To ask Her Majesty’s Government what steps they are taking to update the guidance given to hospitals about ensuring the safety of patients who do not have Covid-19 who require life-saving emergency treatment.
The Question was considered in a Virtual Proceeding via video call.
My Lords, despite Covid-19, the day-to-day health of the nation remains the business of the NHS. That is why the NHS has issued a new operating framework to help hospitals to continue providing essential and emergency care for patients who do not have Covid-19. This guidance is being kept under review. I have placed a copy of the framework in the Library.
Emergency admissions, of which we have seen many, though perhaps not enough, have resulted in people being very afraid of going into hospital, because there has been a lack of information for the general public. For example, what happens at the triage stage, what sort of PPE will people be wearing and how will they be protected? What can the Minister do to reassure the public that they will be safe and, on top of their emergency, will have the absolute minimum chance of getting Covid-19?
My Lords, I acknowledge that people’s concerns have led to a decline in attendance at A&E. That is why the NHS is running an “Open for business” media campaign, encouraging all patients in need of urgent or emergency medical care to seek appropriate treatment, including, where appropriate, attendance at A&E.
Is the Minister aware that North Cumbria Integrated Care NHS Foundation Trust has confirmed that for five weeks 100 staff working in its operating theatres had to use respiratory face masks that had not been individually fitted, putting patients and staff at risk? The regulatory-fit test had not been applied. Can the Minister look into this and check that all the other trusts in England are not making the same error?
The noble Lord raises a question about north Cumbria, which I do not know about specifically, but I reassure him that the arrangements for PPE in hospitals have been made extremely professionally and thoroughly. Billions of items of PPE are available, and training on the fitting, wearing and changing of PPE is provided for all front-line clinical, support and other staff.
The report recently published by the Institute for Public Policy Research, Care Fit for Carers, found that half our healthcare workers have said that their mental health has deteriorated since the Covid-19 crisis began. What supplementary provision is being put in place to deal with the mental health needs of NHS staff?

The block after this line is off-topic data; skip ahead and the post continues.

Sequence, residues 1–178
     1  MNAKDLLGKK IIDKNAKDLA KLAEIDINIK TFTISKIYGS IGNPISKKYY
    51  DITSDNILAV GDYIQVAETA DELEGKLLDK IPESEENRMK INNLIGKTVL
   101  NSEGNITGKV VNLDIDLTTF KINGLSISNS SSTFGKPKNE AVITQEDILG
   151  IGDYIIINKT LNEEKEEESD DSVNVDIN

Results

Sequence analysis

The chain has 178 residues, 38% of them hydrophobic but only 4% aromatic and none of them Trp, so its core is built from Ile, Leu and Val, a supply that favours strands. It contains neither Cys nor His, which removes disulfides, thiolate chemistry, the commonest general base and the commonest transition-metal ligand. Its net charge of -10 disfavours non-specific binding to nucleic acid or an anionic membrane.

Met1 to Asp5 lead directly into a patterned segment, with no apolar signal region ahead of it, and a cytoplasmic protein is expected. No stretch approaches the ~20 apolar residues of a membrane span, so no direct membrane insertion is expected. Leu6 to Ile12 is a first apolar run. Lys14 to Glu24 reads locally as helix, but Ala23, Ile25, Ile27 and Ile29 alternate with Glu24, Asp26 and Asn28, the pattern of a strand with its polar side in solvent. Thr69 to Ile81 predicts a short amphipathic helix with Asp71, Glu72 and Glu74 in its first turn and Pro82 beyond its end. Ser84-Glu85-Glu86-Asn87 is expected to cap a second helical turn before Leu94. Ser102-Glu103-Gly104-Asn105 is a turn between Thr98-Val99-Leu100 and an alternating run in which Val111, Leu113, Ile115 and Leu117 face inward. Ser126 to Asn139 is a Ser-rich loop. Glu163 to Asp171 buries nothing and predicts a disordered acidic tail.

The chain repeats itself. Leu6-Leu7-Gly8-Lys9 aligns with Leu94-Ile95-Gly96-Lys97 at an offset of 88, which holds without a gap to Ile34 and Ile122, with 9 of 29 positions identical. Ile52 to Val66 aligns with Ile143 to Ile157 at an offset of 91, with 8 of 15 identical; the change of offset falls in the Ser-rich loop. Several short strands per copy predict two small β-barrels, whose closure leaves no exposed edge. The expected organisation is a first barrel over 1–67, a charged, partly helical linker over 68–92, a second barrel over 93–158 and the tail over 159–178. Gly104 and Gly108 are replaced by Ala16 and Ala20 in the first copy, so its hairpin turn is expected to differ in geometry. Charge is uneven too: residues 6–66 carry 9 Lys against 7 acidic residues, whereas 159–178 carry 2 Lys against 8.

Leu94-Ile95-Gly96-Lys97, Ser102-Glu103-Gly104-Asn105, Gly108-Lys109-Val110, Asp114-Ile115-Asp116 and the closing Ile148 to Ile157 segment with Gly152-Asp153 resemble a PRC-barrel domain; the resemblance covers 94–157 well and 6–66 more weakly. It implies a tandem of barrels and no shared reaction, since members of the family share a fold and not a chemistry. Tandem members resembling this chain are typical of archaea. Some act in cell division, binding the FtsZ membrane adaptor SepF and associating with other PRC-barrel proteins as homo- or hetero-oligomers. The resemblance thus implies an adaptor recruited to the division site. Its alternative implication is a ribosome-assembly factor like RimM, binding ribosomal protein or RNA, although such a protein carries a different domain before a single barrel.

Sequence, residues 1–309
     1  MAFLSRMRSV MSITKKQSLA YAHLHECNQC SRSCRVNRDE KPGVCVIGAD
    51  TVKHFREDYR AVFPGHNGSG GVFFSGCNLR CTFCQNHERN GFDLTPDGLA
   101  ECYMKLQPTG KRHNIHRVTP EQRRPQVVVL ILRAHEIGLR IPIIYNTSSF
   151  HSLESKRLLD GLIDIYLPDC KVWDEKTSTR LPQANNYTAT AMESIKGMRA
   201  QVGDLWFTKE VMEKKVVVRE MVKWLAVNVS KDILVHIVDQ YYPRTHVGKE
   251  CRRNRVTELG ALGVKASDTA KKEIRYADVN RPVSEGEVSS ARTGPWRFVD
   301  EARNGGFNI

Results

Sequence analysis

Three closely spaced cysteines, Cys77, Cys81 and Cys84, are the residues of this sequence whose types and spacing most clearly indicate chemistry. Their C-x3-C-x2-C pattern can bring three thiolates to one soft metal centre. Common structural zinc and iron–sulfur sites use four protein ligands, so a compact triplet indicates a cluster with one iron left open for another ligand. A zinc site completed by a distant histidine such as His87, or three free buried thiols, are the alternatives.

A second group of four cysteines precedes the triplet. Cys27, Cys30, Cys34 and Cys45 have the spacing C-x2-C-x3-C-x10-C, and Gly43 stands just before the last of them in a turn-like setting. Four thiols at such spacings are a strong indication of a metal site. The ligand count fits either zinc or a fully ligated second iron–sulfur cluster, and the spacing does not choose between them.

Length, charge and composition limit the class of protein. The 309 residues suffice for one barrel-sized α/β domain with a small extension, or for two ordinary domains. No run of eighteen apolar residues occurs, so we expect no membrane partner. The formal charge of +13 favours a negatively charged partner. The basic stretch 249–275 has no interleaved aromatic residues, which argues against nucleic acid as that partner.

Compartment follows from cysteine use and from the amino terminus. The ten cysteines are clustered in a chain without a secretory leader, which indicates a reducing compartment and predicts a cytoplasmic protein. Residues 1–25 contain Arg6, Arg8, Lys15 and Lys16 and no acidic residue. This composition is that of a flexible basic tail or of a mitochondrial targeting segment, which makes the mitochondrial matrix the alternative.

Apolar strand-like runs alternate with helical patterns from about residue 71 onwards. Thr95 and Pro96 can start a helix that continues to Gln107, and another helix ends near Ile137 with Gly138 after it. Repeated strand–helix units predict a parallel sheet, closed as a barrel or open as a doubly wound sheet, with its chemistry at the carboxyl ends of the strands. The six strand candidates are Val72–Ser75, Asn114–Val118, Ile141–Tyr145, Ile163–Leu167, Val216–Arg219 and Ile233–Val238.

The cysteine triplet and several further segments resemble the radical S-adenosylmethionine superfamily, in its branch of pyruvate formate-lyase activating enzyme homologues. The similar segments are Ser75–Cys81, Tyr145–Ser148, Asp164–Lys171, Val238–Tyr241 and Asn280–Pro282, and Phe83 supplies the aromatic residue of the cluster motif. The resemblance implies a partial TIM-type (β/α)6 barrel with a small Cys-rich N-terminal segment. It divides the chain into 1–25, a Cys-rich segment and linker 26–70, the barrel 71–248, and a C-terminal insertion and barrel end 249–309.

My Lords, I acknowledge the expertise of the right reverend Prelate the Bishop of London, who, in a former life, was the Chief Nursing Officer. She raises an important point; the mental health of staff is of enormous and grave concern to the NHS, to the department and to social care. We are investing money in providing additional mental care support and are working closely with the colleges to find out how best we can provide that important support.
My Lords, the specialist guidance on the management of non-coronavirus patients needing acute treatment, issued on 20 March, put senior decision-makers at the heart of triaging patients referred for admission. To assist them, what role would testing for Covid-19 play on admission, and what proposals are there to utilise the Nightingale hospitals as a step-down facility for Covid-19 patients, thus reducing their numbers in NHS hospitals and allowing those hospitals to deal with the backlog of cases?
My Lords, there was some interruption in hearing my noble friend’s question but, if I understood him correctly, the answer is that all patients are now tested on entry to hospital. Until their test result has arrived, they are treated as though they have Covid-19 and isolated wherever possible.
How will the Government enable hospitals to work on a regional basis, co-operatively, to optimise the use of surgical and radiological resources?
I am afraid that at the moment, I cannot give a precise and thorough answer to the perceptive and very detailed question asked by the noble Baroness, but I will be glad to.